Iron exchanged zeolites are also effective in gasoline S reduction in MAT evaluations. Ten wt % blends of Fe/MCM-49, Fe/Beta, and Fe/USY with an equilibrium FCC catalyst gave 30%, 39%, and 50% gasoline S reductions (Gasoline S concentration basis). When the results are recalculated to incorporate the gasoline-volume-loss, Fe/MCM-49, Fe/Beta, and Fe/USY reduced the gasoline S by 44%, 46%, and 51%, respectively. Fe/MCM-49 and Fe/Beta converted significant portions of gasoline and LCO range products to C3 and C4 olefins and paraffins. Fe/USY maintained the liquid yields and slightly reduced C3 and C4 olefin yields.

The above yield structure suggests that metal exchanged ZSM-5, MCM-49, and Beta will be preferred desulfurization additives when increased C4 olefins and isoparaffins are desirable from an FCC along with low-sulfur gasoline. A metal-exchanged USY catalyst could be preferred when maximization of gasoline yield is more desirable.

Example 12 Fluid Catalytic Cracking Evaluation of Cobalt Exchanged Zeolites

Cobalt solid-state exchanged zeolites from Example 4 were pelleted and sized to an average particle size of approximately 70μ, then steamed in a muffle furnace at 815C for 4 hours to simulate equilibrated performance in an FCC unit. Ten weight percent of steamed zeolite pellets were blended with an equilibrium catalyst from an FCC unit. The equilibrium catalyst has very low metals level (120 ppm V and 60 ppm Ni). Performances of the Co/zeolites are summarized in Table 12.

TABLE 12
Catalytic Cracking Performance of Cobalt/Zeolite Examples
ECat +10% +10% +10% +10%
Base Co/ZSM-5 Co/ZSM-5 Co/ Co/
Case (26/1) (450/1) USY MCM-41
Zeolite Co N.A. 3.2 2.2 2.1 1.5
loading, wt %
MAT Product
Yields
Conversion, wt % 72 72 72 72 72
Cat/Oil 3.7 3.5 3.8 2.3 4.0
H2 yield, wt % 0.04 +0.19 +0.07 +0.09 +0.14
C1 + C2 Gas, 1.7 +1.2 +0.1 +0.4 +0.1
wt %
Total C3 Gas, 5.8 +4.9 +1.6 +0.2 +0.1
wt %
C3 = yield, 4.9 +3.5 +1.4 −0.6 +0.1
wt %
Total C4 Gas, 11.4 +3.9 +1.7 −0.2 +0.2
wt %
C4 = yield, 5.6 +0.9 +0.9 −1.6 +0.3
wt %
iC4 yield, wt % 5.0 +2.6 +0.7 +0.9 −0.1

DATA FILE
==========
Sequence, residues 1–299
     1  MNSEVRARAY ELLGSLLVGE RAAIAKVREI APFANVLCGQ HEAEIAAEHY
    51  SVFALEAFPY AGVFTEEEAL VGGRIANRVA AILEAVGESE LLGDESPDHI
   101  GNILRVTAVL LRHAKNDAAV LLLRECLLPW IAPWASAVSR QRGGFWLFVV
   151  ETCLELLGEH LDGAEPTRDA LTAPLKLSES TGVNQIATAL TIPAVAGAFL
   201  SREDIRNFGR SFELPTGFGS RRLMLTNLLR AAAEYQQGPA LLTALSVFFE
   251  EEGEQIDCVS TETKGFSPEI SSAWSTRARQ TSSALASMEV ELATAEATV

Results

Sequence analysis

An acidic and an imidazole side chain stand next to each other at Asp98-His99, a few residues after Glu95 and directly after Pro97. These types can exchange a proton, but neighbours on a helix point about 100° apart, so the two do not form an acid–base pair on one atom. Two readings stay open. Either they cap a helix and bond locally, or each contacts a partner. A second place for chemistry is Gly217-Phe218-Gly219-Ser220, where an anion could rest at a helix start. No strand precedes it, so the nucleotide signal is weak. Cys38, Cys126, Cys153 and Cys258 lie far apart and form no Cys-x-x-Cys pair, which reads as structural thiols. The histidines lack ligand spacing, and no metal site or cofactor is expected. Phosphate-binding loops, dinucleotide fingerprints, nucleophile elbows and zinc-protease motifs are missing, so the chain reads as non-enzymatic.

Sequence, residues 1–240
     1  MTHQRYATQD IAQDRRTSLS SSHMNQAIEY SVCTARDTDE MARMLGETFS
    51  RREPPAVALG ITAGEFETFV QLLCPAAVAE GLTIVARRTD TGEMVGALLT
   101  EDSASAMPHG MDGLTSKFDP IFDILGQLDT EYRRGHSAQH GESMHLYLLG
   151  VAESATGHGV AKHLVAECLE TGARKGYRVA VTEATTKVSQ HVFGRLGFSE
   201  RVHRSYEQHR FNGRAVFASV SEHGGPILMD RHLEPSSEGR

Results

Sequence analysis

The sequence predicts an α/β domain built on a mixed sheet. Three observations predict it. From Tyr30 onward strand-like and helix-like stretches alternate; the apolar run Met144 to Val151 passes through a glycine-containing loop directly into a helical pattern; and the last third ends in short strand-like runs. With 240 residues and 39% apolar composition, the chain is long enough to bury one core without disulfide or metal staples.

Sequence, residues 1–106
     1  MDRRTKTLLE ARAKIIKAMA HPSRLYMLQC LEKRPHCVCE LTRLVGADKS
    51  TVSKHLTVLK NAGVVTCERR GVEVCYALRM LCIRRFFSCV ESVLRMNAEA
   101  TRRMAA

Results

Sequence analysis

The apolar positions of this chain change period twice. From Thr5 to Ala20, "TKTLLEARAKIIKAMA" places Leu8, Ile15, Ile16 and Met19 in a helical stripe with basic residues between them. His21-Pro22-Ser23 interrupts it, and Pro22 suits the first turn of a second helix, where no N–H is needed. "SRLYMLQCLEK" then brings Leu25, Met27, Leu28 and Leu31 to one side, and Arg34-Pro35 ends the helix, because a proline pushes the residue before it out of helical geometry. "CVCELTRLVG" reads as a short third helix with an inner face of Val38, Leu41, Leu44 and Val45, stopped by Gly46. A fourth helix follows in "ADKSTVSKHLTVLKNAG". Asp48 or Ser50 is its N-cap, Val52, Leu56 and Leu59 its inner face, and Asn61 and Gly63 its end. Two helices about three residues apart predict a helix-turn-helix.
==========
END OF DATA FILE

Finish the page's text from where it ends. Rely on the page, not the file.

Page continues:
C5+ Gasoline, 50.0 −12.0 −3.7 −1.4 −0.9
wt %
LFO, wt % 24.0 −1.1 −0.3 −0.6 +0
HFO, wt % 4.0 +1.1 +0.3 +0.6 +0
Coke, wt % 3.0 +1.7 +0.3 +0.9 +0.6
Cut Gasoline S, 502 409 337 305 414
PPM
Reduction in Cut Base 18.5 32.9 39.2 17.5
Gasoline S, %
% Reduction in Base 38.1 37.9 40.8 19.1
Gasoline S,
Feed Basis

These results show that cobalt exchanged zeolites are also effective in gasoline sulfur reduction in MAT evaluations. Ten wt % blends of Co/ZSM-5 (26/1), Co/ZSM-5 (450/1), Co/USY, and Co/MCM-41 with an equilibrium FCC catalyst gave 19%, 33%, 39%, and 18% gasoline S reductions (Gasoline S concentration basis). When the results are recalculated to incorporate the gasoline-volume-loss, the gasoline S was reduced by 38%, 38%, 41%, and 19%, respectively.

Example 13 Fluid Catalytic Cracking Evaluation of Gallium Exchanged Zeolites

Gallium exchanged Beta and USY zeolites from Example 5 were pelleted and sized to an average particle size of approximately 70μ, then steamed in a muffle furnace at 815° C. for 4 hours to simulate equilibrated performance in an FCC unit. Ten weight percent of zeolite pellets were blended with an equilibrium catalyst from an FCC unit. The equilibrium catalyst has very low metals level (120 ppm V and 60 ppm Ni). Performances of the Ga/zeolites are summarized in Table 13.

TABLE 13
Catalytic Cracking Performance of Gallium/Zeolite Examples
ECat Base